Singing praise for one of Greece’s finest

There are many schools of thought regarding the names, words, and letters used to create graffiti. Do they have a meaning, what do they symbolize, or do the letters look good in combination with each other? These are all questions that a graffiti writer will ask themselves at some point in time, and the viewers of their work will ask themselves from the beginning.

The Greek artist GOSPEL stirs up our thoughts as his whole graffiti identity has been built up on a word that itself conjures up a maze of possible interpretations. To add to the mystery of the use of the word GOSPEL as a tag, his artwork also lights our imaginations with the skilled delivery of pure forms, solid colors, and a noticeable influence of his native Greek culture in regard to his color palette and pictorial symbolism.

Pure forms, solid colors, and a noticeable influence of his native Greek culture

Born in Karditsa in 1990, GOSPEL is a multidisciplinary artist which particular strengths in graffiti, murals, and illustration. Residing in Athens, it is not just there that you can see his unforgettable works, however, it is undeniable the influence and presence Athens has within it. GOSPEL’s designs capture a healthy blend of Greek culture and graffiti culture references which find themselves captured in his unique use of solid color layers. Mostly in variations of white, black, red, and blue. All of these are thrown down with his favorite Montana GOLD and BLACK cans.

Any color as long as it’s white, black, red or blue

The graffiti scene in Athens, although receiving its deserved shine a little late in its development by the greater graffiti audience, offers many strong references for GOSPEL to play on. Bombed trains inside and out, masked identities, hooded writers in classic graffiti uniforms, Greek gods, and mythology. These references all find their way into his various interpretations. Adding to the mix the full array of graffiti elements such as informed letter structure, well-executed hand styles, arrows, and opaque fill-ins, GOSPEL has found a niche that is truly his own. A groove that he has taken ownership of with reoccurring practices like letters without outlines, and steering away from fades, and all done with the perfection of the spray can. Through our recent collaboration with GOSPEL in the creation of his Montana Cotton Bag designs, we thought it an appropriate time to ask those unanswered questions about who GOSPEL is and what GOSPEL stands for.

An interview with GOSPEL

MC- The word GOSPEL is often connected with the practice of singing songs of religious praise. And in a lot of cases in modern-day Christianity. But what does this word mean to you and how did you take ownership of it for the purpose of graffiti?

GOSPEL- Well. This is a question I have been asked by many people I have met so far during my artistic journey. The answer may seem a little funny or childish to you. It comes from my favorite hip-hop song “Ghetto Gospel”. Tupac was and still is my favorite rapper. This track came out around the time I was taking my first steps into the graffiti world. I can’t explain it exactly but for some reason, that’s why this particular word created a lot of emotions for me and I started to write it on the walls and my school desk. At that time my friends and I created our first graffiti crew. Very beautiful times that I often miss. As the years went by and I followed more career path in the field of art, I sometimes thought about changing my tag to something more mature, but in the end, I concluded that I had become attached to it and nothing else filled me as the word GOSPEL does. Just because it reminded me (and still reminds me) of where I started and with whom. This signature, therefore, encloses a beautiful part of my life and my artistic career up to this day.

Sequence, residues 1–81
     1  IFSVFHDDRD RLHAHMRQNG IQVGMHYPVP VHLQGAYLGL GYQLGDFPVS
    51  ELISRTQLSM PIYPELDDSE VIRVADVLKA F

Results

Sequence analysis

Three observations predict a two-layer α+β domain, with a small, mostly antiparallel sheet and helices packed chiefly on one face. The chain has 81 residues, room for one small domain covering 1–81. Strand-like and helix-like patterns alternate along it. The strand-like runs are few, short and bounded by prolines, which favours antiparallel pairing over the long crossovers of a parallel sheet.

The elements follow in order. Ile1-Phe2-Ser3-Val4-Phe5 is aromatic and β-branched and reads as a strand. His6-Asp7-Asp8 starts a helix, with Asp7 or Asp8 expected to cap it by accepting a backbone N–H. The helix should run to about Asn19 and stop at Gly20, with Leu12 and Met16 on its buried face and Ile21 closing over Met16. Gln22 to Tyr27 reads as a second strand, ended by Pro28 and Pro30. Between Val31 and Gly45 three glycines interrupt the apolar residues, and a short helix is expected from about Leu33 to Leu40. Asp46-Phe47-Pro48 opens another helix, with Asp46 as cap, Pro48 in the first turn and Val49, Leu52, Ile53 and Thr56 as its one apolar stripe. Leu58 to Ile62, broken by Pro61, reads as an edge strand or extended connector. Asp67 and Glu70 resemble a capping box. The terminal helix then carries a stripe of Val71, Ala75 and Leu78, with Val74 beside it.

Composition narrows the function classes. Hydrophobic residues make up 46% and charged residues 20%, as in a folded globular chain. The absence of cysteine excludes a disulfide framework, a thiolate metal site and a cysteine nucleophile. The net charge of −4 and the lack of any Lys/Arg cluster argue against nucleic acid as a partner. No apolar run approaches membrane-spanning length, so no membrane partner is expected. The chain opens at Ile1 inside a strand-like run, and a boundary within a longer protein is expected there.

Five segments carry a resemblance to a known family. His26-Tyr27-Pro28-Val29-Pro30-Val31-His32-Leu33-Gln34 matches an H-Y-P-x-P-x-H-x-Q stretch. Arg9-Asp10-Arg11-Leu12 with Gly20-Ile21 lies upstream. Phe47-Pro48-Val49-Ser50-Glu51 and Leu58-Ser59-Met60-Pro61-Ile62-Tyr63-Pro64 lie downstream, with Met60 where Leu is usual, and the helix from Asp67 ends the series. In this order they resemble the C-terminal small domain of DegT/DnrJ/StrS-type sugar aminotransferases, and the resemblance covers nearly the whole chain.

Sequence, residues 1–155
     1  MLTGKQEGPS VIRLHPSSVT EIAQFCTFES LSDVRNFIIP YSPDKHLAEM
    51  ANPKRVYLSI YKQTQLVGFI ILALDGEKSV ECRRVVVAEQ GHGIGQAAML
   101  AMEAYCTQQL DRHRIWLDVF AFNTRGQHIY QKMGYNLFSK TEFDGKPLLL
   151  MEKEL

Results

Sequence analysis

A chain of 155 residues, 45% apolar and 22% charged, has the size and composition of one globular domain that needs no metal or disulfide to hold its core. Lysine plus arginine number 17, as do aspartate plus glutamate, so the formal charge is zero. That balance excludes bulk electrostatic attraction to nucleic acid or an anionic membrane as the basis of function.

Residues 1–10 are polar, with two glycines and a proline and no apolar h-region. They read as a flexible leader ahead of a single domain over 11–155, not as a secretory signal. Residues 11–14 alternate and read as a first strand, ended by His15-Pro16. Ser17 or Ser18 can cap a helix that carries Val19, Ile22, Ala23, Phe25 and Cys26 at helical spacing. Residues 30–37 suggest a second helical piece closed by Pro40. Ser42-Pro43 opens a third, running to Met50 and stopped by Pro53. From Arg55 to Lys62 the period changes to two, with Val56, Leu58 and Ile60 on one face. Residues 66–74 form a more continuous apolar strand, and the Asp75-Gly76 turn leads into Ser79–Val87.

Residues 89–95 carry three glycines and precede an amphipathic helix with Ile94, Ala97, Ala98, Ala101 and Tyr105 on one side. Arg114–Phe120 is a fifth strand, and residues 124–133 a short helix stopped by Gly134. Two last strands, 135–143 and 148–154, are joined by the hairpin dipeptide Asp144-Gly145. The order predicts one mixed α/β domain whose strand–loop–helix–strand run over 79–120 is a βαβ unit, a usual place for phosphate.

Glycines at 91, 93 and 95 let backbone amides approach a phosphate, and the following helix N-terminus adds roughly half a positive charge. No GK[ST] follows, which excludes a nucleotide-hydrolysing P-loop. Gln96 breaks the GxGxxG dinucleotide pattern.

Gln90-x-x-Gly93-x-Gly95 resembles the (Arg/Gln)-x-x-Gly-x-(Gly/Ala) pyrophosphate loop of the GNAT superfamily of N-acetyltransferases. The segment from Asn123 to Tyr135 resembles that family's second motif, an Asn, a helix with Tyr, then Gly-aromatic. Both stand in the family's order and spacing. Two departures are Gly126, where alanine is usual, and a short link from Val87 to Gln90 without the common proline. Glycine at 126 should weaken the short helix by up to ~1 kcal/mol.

MC- The colors black, white, blue, and red play a strong role in your work. What are the origins of this color choice?

G- I am a sea lover. I consider it to be one of the most important pieces of Greek culture. I spent all my childhood summers on a beautiful island in the northern Aegean called Limnos. This particular island is my mother’s birthplace. There I fell in love with the blue I could see on the fishermen’s boats and the windows of the houses on the island. I was also always struck by how beautifully this blue blended with the sunlight-white walls and red flowers of the island. As well as the red life jackets of the ships I traveled on. This combination of these colors from an early age created very beautiful feelings for me. Over the years, and after having tried many different techniques, around 2018 I ended up with this color palette adding the black color to give more contrast. Since then it has been my main color identity with small additions of blue, pink, and gray tones from time to time.